[2] Butler, Alban, Farmer, David Hugh., and Burns, Paul. Butler’s Lives of the Saints. New full ed., vol. 11, pp. 118-120. Tunbridge Wells, Kent: Burns & Oates, 1996.
[3] Schwertner, Thomas M. Saint Albert the Great. New York: The Bruce publishing company, pp. vii-xi and 169-210. 1932.
[4] Sighart, Joachim. Albert the Great, of the order of friar-preachers: his life and scholastic labours., pp. 101-148. Dubuque, Iowa: W.C. Brown, 1967.

The Archivist’s Nook: A Rocky Road to Reconstruction

The year 1919 could be termed a grim one. The First World War had ended in November, 1918, true, but the combatants were still taking measure of that frightful conflict. With more than 70 million people mobilized to fight, more than 16 million had died as a direct result of the war, with another 50 to 100 million dying as a result of the 1918 influenza pandemic. A “Red Scare” gripped the United States, as fear of communist agitation rippled through the country in the wake of the 1917 Bolshevik Revolution.

Two women lay a wreath at the Tomb of the Unknown Soldier in Paris. The war was over in 1918, but U.S. Catholics believed its ravages warranted proposals for social reconstruction.

These more immediate happenings occurred in the context of long term changes in social and economic life that had accelerated during the previous century. The industrial revolutions transformed the nature of work, the landscape of cities, and the lives of peoples displaced by the changing economy. Pope Leo XIII had addressed the meaning of such changes for Catholics in his 1891 encyclical Rerum Novarum, noting that “new developments industry, new techniques striking out on new paths, changed relations of employer and employee” had led to “a decline of morals and caused conflict to break forth.” Many Catholics in the United States and elsewhere sought to address how their religion might address social and economic transformation.[1]

When the National Catholic War Council led by the United States bishops formed in 1917, their chief aim was to assist the millions of Catholics mobilizing for the First World War. However, when the war ended it became clear that a national Catholic organization designed to coordinate activities among the nation’s faithful would prove useful. In 1919 the bishops changed the name of their young organization to the National Catholic Welfare Council and began discussing a Catholic plan for postwar America.[2]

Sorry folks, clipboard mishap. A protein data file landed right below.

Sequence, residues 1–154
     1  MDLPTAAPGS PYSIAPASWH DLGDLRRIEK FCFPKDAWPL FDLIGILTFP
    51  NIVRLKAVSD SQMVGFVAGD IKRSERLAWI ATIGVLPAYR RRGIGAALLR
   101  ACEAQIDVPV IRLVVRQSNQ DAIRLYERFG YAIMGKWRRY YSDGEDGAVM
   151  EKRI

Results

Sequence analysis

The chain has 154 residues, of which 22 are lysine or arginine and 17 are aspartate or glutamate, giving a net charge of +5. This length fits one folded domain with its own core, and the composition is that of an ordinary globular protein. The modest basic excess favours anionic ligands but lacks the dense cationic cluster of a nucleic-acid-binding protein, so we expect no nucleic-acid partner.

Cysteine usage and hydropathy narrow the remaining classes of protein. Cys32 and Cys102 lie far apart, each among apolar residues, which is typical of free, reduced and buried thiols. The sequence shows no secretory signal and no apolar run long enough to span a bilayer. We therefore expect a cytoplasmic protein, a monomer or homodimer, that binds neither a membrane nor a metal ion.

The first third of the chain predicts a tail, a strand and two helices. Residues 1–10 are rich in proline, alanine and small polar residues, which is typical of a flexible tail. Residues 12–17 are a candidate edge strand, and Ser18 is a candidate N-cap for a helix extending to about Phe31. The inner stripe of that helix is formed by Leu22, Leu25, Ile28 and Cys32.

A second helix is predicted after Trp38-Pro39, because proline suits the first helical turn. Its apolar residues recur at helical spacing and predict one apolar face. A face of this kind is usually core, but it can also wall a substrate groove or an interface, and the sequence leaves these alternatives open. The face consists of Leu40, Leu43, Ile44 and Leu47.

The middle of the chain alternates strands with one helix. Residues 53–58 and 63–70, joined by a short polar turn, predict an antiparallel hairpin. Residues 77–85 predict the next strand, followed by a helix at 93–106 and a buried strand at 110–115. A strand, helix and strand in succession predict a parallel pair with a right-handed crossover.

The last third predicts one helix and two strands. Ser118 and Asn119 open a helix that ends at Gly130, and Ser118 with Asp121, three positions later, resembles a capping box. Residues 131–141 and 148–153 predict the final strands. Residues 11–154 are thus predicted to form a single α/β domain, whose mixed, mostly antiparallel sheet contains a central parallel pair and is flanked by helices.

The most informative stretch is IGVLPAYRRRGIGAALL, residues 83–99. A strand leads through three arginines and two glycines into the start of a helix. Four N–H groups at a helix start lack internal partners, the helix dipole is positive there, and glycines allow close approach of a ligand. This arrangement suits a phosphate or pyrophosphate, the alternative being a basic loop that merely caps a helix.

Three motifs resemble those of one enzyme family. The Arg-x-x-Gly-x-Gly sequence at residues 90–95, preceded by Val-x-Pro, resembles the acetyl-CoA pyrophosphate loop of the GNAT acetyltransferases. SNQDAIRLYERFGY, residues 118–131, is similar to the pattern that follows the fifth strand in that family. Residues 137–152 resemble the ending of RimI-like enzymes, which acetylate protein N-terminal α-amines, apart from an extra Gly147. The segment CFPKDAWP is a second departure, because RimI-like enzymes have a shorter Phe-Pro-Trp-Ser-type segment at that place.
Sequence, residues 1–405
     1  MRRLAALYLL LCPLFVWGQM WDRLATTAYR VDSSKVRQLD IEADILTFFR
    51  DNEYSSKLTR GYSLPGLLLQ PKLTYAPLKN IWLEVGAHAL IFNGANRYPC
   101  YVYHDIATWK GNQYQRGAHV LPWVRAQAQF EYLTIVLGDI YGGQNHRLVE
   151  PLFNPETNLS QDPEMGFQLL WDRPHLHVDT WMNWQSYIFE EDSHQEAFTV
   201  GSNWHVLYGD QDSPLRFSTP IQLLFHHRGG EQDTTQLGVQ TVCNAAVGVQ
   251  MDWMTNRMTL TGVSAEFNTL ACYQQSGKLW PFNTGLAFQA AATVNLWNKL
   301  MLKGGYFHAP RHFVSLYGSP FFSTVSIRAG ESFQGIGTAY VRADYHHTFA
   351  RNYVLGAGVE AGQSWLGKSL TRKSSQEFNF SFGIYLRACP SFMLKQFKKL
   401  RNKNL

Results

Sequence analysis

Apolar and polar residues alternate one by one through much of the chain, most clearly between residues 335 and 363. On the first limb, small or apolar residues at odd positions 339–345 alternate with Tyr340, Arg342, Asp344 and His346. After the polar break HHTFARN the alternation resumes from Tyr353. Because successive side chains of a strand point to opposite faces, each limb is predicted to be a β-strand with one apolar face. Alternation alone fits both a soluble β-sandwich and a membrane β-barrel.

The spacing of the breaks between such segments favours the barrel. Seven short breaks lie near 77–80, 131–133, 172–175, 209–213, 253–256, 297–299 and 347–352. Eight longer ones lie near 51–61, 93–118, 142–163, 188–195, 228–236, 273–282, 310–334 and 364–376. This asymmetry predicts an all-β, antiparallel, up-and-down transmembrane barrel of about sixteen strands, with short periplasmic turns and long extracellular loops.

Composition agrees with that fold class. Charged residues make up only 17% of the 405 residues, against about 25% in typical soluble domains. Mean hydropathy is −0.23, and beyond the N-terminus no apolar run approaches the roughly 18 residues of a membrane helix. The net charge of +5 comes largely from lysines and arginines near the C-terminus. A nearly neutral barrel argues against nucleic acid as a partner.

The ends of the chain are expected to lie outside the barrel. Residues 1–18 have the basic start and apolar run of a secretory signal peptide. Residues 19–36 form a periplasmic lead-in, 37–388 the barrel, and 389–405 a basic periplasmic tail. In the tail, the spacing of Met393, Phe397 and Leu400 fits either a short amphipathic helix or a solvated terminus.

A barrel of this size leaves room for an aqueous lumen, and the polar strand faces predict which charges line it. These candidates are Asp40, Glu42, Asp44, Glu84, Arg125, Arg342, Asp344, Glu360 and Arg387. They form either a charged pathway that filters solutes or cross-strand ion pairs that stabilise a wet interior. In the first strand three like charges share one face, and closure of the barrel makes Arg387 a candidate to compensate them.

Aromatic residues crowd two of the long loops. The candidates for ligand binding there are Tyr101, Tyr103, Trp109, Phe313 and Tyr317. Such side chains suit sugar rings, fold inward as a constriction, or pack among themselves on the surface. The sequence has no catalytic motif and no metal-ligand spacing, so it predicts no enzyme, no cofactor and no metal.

The National Catholic War Council, like many social and religious groups of the time, was eager to offer a Catholic plan for postwar America of its own. In April of 1918 the bishops established a Committee for Reconstruction. The war ended on November 11, 1918, however, sooner than the Committee could forge their plan. The Committee’s secretary, Catholic charity expert Rev. John O’Grady had only the vaguest notions of what its plan should look like at that time. O’Grady, panicking in early December because he needed a plan immediately, turned to Father John A. Ryan, who had written a book on living wage issues and studied social reform extensively, to write a program. Ryan at first resisted then agreed and dictated the Program to a typist two days later. Ryan’s program was pushed quickly through the administrative structure of the War Council and approved by the Committee’s bishops. The program called for government insurance for the sick, unemployed and aged; labor’s participation in industrial management; public housing; unions’ right to organize, and a “living wage” for all workers. The Program’s publicist, Larkin Mead, set a release date for it: February 12, 1919, Abraham Lincoln’s birthday.

Initially reluctant to write the Program, Ryan eventually came to view it as his most important work up to that point. Above is Ryan’s own inscribed copy.
Father John Ryan (1869-1945), author of the Bishops’ Program for Reconstruction, attended The Catholic University of America from 1898 until 1906, receiving his Doctorate in Sacred Theology in the latter year. He taught at the University from 1915 until his retirement in 1939.

The Program was called then, and forever after would be called, the “Bishops’ Program for Social Reconstruction,” the implication being that it represented the entire church’s views on the remaking of America in the postwar era. That claim was disputed by some, because the War Council’s authority to issue such a sweeping statement on behalf of the whole church was questioned. Some Catholic prelates and business groups opposed the bishops’ plan on the grounds that it was too radical. William Cardinal O’Connell of Boston, for example, believed some aspects of the plan were “socialistic,” a word often used to describe what was viewed as too much government involvement in American society and the economy. Many Americans were inclined to share O’Connell’s suspicions; the Red Scare in particular heightened fears of “Bolshevik” plots. As the 1920s progressed, Americans’ lost their appetite for Progressive reform, and critics of the Bishops’ plan gained traction. The kind of reformism advised in the Bishops’ Program would not find an audience again until the economy slid into the Depression in the 1930s.